Key practice: Control weeds early through a combination of pre-seed weed control and one in-crop application before the four-leaf stage.
Key research: Harker, K. Neil, Agriculture and Agri-Food Canada (AAFC), et al. “Field-Scale Time of Weed Removal in Canola.” Weed Technology (2008).
Harker, K. Neil, AAFC, et al. “Seeding Rate, Herbicide Timing and Competitive Hybrids Contribute to Integrated Weed Management in Canola (Brassica napus).” Canadian Journal of Plant Science (2002).
Sapsford, Ken S., University of Saskatchewan. “Timing of Spring Application for Winter Annual Weed Control.”
Canola in the seedling stage is a poor competitor against weeds. A combination of a pre-seed burn-off treatment and in-crop herbicide application prior to the four-leaf stage will have greater yield benefits than controlling weeds later in the season.
University of Saskatchewan research shows that, in terms of yield, early weed control is even more beneficial than early seeding. Although this particular study was conducted on wheat, lead researcher Ken Sapsford says results would be similar for canola.
When averaged across all site years in Sapsford’s study, early herbicide application, regardless of seeding date, resulted in eight percent higher yields than the combination of late herbicide application with late seeding.
“Field-Scale Time of Weed Removal in Canola,” published by Neil Harker et al, discusses the findings of small-plot experiments conducted in 10 Western Canadian canola fields over two years.
Each location was seeded with imidazolinone-resistant (IR) canola and treated with a commercial mixture of imazamox and imazethapyr in 10 gal./ac. of water at the 1- to 2-leaf stage, 3- to 5-leaf stage, and 6- to 7-leaf stage with a field sprayer. Average canola yields across all site years were 2,073 kg/ha (37 bu./ac.) when treated at the 1- to 2-leaf stage, 1,872 kg/ha (34 bu./ac.) when treated at the 3- to 5-leaf stage, and 1,650 kg/ha (30 bu./ac.) at the 6- to 7-leaf stage.
Harker concluded that canola growers are well advised to ensure weed removal at relatively early growth stages. Delaying weed removal until the 6- to 7-leaf stage reduced canola yields in this study by 20 percent.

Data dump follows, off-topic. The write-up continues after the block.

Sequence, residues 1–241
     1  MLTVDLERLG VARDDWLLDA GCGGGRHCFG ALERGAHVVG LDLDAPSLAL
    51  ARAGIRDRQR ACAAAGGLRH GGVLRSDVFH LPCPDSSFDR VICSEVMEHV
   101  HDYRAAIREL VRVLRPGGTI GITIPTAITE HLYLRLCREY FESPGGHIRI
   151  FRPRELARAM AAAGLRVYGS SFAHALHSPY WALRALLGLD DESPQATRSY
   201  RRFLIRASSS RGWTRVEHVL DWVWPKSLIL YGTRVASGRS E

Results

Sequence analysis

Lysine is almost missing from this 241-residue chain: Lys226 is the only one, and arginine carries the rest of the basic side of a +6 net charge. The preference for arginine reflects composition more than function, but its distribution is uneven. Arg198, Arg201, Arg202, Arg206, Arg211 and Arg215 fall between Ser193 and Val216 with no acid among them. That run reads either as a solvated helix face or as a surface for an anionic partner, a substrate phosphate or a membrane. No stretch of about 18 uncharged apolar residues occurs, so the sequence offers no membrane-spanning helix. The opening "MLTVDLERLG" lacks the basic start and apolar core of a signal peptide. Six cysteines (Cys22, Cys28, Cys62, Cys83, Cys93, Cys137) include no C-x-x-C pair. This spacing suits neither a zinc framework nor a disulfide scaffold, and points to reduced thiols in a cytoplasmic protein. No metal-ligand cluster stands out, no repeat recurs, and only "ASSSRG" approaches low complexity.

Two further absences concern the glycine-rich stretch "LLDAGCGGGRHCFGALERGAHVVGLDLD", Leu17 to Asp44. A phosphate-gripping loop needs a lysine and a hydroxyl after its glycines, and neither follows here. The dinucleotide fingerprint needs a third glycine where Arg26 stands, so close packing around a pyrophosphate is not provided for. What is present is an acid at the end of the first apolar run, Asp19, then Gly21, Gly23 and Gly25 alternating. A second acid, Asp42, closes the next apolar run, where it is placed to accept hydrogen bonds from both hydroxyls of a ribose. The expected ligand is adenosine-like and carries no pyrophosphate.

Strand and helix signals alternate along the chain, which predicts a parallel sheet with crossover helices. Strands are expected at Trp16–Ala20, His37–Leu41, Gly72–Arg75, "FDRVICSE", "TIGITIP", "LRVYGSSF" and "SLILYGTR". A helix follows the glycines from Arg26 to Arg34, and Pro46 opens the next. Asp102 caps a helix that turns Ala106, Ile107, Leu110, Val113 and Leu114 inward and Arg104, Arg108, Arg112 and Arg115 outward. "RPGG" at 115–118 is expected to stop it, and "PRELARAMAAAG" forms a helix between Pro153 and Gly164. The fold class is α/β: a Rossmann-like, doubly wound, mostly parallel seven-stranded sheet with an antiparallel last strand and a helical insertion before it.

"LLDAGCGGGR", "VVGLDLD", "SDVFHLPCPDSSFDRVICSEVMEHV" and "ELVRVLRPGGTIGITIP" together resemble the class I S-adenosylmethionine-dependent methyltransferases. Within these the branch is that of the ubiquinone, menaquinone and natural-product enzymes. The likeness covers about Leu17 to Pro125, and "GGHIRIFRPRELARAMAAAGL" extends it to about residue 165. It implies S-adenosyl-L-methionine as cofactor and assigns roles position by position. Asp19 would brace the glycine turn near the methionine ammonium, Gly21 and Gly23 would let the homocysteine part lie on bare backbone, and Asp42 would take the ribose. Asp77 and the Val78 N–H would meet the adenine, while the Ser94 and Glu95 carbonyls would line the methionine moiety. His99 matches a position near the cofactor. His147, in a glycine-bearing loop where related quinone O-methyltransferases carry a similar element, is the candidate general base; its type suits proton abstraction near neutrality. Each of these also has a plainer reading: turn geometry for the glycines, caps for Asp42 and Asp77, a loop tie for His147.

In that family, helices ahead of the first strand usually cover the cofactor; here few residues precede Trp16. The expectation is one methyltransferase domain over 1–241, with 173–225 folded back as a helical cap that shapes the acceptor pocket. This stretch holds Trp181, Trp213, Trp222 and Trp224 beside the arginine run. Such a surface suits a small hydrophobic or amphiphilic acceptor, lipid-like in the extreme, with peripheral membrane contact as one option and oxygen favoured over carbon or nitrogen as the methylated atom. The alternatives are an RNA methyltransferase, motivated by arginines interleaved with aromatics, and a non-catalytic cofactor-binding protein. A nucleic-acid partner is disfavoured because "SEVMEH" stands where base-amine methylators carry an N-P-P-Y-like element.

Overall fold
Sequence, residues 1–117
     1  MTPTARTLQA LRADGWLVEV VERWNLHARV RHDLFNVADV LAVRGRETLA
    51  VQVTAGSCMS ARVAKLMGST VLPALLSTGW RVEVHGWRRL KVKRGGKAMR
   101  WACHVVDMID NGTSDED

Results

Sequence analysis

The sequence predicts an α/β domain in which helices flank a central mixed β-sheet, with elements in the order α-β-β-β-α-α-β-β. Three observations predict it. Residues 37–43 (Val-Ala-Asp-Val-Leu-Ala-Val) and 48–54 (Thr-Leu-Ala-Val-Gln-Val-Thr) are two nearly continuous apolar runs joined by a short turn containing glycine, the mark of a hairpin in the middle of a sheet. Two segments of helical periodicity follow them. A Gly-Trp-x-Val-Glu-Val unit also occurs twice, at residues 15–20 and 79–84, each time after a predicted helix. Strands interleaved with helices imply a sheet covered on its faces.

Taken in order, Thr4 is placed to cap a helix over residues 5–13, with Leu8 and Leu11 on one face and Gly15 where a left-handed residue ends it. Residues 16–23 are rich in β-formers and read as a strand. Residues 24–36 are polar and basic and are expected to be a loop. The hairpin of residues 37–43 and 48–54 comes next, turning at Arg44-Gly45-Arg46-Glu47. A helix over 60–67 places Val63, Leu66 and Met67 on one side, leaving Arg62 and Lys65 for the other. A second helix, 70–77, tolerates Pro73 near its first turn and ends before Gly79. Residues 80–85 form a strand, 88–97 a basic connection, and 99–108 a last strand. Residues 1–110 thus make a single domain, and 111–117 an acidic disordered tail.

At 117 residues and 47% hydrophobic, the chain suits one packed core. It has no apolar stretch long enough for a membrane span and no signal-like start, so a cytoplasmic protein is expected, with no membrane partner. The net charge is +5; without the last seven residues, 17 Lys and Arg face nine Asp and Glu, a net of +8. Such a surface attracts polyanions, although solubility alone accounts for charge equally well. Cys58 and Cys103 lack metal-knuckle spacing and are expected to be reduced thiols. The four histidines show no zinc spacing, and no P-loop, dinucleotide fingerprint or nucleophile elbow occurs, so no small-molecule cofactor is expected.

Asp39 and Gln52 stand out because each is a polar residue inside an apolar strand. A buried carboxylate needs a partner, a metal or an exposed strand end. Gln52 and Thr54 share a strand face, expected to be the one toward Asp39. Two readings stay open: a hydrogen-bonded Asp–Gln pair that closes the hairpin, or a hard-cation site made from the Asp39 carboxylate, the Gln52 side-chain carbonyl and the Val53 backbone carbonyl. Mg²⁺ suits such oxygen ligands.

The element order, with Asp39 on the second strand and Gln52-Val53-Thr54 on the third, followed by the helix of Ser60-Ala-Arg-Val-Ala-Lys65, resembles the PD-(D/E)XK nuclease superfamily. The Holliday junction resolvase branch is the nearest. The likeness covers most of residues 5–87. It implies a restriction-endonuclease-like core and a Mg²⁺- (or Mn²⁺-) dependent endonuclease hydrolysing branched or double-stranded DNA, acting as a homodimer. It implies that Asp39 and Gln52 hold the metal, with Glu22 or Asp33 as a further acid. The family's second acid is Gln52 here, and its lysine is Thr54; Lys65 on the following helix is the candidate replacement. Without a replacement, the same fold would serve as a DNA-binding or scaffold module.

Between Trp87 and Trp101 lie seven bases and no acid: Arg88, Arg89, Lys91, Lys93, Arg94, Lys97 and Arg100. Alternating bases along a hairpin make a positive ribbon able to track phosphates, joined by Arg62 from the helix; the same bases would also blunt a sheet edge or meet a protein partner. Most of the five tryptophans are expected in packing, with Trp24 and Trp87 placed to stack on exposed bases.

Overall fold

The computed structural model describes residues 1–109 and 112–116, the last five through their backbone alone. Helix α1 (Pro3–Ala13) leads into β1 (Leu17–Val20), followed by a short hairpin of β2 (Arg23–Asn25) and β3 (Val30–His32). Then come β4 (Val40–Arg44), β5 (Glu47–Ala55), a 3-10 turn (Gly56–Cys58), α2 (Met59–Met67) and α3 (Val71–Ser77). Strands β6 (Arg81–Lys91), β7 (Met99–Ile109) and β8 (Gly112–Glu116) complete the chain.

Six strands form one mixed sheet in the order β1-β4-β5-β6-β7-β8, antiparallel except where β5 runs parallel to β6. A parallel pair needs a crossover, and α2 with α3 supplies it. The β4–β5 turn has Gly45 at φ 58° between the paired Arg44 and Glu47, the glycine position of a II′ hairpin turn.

In “Seeding Rate, Herbicide Timing and Competitive Hybrids Contribute to Integrated Weed Management in Canola (Brassica napus),” Harker outlines the findings of a three-year study funded by the Alberta Canola Producers Commission. Field experiments conducted at Lacombe and Lethbridge analyzed various cultivars, seeding rates and timing of weed removal to determine the optimal combinations with respect to canola yield and quality.
Hybrid and open-pollinated canola cultivars were seeded at rates of 100, 150 and 200 seeds per square metre (or about 10, 15 and 20 per square foot). Both cultivars received the same seed treatments with weed removal timings at the 2-, 4- or 6-leaf stage of canola.
Over all sites, yield was reduced by four percent when weed removal was delayed until the 6-leaf stage of canola. This is consistent with previous studies that show higher yields after early weed removal. The combination of high seeding rate and early weed removal resulted in yield increases of up to 41 percent in this study.
“Managing these factors at optimal levels may help increase net returns, reduce herbicide dependence and favour the adoption of more integrated weed management systems,” Harker concluded.